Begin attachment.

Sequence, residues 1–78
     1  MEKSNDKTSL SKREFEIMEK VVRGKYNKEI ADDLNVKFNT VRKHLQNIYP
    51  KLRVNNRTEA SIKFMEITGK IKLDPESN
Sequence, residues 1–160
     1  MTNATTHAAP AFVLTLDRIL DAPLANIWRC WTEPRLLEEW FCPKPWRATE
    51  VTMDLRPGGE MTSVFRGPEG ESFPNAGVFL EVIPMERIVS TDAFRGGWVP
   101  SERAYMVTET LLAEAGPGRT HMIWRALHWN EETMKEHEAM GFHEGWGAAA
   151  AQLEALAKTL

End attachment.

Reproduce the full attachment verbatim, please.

Sequence, residues 1–78
     1  MEKSNDKTSL SKREFEIMEK VVRGKYNKEI ADDLNVKFNT VRKHLQNIYP
    51  KLRVNNRTEA SIKFMEITGK IKLDPESN
Sequence, residues 1–160
     1  MTNATTHAAP AFVLTLDRIL DAPLANIWRC WTEPRLLEEW FCPKPWRATE
    51  VTMDLRPGGE MTSVFRGPEG ESFPNAGVFL EVIPMERIVS TDAFRGGWVP
   101  SERAYMVTET LLAEAGPGRT HMIWRALHWN EETMKEHEAM GFHEGWGAAA
   151  AQLEALAKTL